austrian airlines

Lufthansa Planning Hostile Takeover of LOT Polish Airlines

Less than three years after its anschluss of Austrian Airlines in September 2009, Lufthansa appears to be gearing up to buy a majority interest in fellow Star Alliance member LOT Polish Airlines. This news comes hot on the heels of a Lufthansa dispute with the Austrian government and a threat by the airline to shut down BMI if the sale of that airline is blocked, which leaves us wondering if the airline is simply losing patience with its European neighbors.

According to our source at Lufthansa, the company’s top executives recently decided that the airline has simply outgrown the German market, and they therefore started searching for additional “fliegensraum.” Our source, wishing to remain anonymous, stated, “Given the geography of East Prussia, excuse me, of Poland, we thought it made a perfect match.” To get employees on board, Lufthansa even set up a new division within its public relations department, and it has since been producing persuasive videos designed to get workers riled up about the growth of “their” airline, which the videos unequivocally label “the best in the world.”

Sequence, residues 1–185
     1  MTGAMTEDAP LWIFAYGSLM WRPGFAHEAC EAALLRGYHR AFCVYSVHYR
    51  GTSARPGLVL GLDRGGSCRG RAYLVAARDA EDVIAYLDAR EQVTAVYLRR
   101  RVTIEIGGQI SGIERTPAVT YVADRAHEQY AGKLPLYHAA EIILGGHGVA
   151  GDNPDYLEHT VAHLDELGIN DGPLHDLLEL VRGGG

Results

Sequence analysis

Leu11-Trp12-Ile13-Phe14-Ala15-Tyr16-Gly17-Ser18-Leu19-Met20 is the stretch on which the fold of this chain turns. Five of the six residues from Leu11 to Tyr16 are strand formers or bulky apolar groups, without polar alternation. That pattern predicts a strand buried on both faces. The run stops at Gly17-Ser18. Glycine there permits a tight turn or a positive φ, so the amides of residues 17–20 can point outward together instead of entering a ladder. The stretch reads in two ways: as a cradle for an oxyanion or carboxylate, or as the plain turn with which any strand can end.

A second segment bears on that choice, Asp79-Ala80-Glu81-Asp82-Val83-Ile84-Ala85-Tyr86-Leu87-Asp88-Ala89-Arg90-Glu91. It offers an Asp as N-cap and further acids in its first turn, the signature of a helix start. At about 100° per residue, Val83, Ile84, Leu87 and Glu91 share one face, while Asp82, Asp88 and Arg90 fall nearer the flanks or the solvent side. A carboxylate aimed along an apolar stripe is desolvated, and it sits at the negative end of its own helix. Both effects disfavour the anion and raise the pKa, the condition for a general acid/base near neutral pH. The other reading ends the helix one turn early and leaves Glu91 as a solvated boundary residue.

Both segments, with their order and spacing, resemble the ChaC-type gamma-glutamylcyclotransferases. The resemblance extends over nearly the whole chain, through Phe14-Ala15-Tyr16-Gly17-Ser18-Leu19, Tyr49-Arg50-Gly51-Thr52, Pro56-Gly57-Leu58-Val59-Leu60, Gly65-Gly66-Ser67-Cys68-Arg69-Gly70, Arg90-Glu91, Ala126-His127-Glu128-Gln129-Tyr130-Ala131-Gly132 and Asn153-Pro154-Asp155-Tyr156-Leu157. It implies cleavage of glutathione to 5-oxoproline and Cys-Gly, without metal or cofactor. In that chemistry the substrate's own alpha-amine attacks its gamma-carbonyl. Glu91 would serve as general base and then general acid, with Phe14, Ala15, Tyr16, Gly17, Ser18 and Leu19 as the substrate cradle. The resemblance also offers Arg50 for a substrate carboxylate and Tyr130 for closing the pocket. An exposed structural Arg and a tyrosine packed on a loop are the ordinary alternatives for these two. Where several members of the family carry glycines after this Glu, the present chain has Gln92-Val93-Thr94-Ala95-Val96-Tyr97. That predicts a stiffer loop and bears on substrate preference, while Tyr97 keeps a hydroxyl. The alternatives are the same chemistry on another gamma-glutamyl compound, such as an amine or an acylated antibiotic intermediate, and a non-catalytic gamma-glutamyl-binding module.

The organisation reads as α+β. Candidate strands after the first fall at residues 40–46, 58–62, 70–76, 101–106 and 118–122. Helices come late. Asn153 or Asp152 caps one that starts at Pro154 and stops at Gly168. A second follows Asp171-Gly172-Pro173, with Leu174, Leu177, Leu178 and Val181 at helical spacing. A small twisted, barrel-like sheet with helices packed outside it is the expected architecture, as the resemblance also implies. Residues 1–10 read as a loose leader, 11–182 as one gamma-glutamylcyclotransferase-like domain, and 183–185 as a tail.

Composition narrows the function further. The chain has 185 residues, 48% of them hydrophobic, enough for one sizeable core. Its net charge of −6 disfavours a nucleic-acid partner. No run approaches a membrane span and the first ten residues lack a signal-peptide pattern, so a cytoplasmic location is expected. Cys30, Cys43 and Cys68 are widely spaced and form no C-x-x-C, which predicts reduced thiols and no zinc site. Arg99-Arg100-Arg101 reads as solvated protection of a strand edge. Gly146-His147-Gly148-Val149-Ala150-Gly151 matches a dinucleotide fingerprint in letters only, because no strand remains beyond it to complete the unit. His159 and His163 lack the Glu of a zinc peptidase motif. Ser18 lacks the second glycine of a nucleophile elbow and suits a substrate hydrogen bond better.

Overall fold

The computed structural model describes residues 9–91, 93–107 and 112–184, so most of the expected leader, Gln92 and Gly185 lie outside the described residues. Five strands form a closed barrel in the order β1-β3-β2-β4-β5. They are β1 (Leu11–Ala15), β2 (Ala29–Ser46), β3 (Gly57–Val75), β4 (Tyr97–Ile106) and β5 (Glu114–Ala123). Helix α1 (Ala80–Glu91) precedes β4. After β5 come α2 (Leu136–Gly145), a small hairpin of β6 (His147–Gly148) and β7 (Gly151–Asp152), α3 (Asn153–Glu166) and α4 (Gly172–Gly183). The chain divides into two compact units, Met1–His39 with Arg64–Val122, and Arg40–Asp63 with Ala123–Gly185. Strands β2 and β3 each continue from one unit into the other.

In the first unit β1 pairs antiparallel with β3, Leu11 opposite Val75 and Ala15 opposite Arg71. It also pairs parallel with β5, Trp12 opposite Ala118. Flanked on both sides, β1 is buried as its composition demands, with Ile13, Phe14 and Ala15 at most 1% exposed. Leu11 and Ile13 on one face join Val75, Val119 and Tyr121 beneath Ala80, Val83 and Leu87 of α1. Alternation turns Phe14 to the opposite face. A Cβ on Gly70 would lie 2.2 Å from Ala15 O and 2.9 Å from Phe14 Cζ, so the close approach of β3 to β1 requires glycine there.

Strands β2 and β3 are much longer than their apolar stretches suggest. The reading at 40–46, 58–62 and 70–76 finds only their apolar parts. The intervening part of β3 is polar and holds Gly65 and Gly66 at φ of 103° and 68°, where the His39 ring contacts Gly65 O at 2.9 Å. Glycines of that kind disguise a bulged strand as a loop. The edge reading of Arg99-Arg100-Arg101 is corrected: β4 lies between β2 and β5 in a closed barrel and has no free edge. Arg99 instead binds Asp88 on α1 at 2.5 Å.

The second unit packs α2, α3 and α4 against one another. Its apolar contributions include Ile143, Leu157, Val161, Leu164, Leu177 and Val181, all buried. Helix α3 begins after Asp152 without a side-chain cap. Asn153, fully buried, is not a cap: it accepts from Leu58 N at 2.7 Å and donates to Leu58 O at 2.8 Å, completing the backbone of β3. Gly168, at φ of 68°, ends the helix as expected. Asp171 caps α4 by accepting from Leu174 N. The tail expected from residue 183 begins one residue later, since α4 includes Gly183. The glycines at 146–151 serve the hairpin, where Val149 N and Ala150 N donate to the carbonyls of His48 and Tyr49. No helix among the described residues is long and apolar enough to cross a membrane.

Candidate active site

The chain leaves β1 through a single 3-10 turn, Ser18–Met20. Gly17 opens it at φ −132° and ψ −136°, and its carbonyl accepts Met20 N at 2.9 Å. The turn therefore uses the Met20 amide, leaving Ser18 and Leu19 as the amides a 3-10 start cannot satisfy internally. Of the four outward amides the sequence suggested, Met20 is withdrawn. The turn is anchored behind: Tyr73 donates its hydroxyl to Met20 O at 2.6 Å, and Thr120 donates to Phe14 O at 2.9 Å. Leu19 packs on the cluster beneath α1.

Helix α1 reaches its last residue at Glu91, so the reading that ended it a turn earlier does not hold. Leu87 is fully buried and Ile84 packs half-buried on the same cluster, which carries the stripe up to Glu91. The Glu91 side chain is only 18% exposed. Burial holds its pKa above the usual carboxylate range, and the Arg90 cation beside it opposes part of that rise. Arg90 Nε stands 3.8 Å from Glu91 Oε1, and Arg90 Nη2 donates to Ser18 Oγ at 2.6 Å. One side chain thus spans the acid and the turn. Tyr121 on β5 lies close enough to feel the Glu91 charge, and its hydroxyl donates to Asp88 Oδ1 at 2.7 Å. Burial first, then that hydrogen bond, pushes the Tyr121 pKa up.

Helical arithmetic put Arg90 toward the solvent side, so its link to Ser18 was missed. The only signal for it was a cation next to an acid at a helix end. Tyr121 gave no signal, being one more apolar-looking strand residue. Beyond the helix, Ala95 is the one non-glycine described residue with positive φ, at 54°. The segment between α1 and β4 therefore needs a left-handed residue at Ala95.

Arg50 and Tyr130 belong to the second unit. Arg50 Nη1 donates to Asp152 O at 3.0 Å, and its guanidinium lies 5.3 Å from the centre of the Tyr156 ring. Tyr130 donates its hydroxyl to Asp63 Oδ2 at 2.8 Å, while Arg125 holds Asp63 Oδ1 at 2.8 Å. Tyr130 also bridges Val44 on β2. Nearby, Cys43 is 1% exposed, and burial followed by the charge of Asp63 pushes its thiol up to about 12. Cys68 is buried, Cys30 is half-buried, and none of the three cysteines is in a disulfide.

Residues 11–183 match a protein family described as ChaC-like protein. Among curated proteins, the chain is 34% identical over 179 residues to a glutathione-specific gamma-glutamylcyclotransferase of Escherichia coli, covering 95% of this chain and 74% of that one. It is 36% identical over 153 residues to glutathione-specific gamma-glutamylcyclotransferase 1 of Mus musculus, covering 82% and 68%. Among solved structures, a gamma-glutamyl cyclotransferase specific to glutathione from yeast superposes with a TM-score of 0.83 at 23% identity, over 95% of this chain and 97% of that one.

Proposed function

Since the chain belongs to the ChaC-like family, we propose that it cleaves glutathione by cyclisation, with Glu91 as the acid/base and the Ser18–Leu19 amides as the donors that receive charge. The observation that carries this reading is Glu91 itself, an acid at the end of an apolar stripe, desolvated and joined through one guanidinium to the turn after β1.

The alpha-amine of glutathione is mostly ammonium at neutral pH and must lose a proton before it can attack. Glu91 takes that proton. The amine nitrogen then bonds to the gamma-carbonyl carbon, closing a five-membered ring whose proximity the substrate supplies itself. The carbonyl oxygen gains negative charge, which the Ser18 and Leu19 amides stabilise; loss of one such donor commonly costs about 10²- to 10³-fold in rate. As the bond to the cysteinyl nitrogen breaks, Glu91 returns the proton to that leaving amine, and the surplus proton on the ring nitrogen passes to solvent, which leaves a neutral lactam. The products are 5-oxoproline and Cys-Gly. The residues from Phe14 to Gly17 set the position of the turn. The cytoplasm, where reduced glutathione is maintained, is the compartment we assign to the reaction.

The reaction from LOT workers to the rumors has been largely negative, with many employees expressing concern over the loss of autonomy and pending German influence. “I’ve heard they are already planning to replace our in-flight Kielbasa course with a Bockwurst version,” complained Aleksander Gryzbowski. Other airline responses have varied considerably. British Airways, Air France, KLM and Brussels Airlines have all expressed anxiety about the expansion, though none feel a direct response is yet warranted. In stark contrast, Alitalia fully supports Lufthansa’s move, which it hopes will serve as a model for its own takeover of Ethiopian Airlines in the near future. Swiss Air, already a subsidiary of Lufthansa since 2005, refused to comment.

Across the Atlantic, the biggest American carriers have avoided involvement thus far, dismissing the situation as a “European problem.” Meanwhile, Japanese airline ANA expressed its support for Lufthansa through a press release stating in part: “It is not our place to tell Lufthansa what they can and cannot do. If ANA were to expand aggressively here in Asia, we would not want Lufthansa or the Americans telling us what to do.”

We here at Points Envy believe Lufthansa to be the best airline in Europe, so we wouldn’t necessarily mind seeing it take over a little more of the continent’s traffic. Hell, if the other airlines stay on the sidelines, maybe Lufthansa will even extend its dominance to Africa or the Middle East some day. We’ll just have to wait and see how events unfold.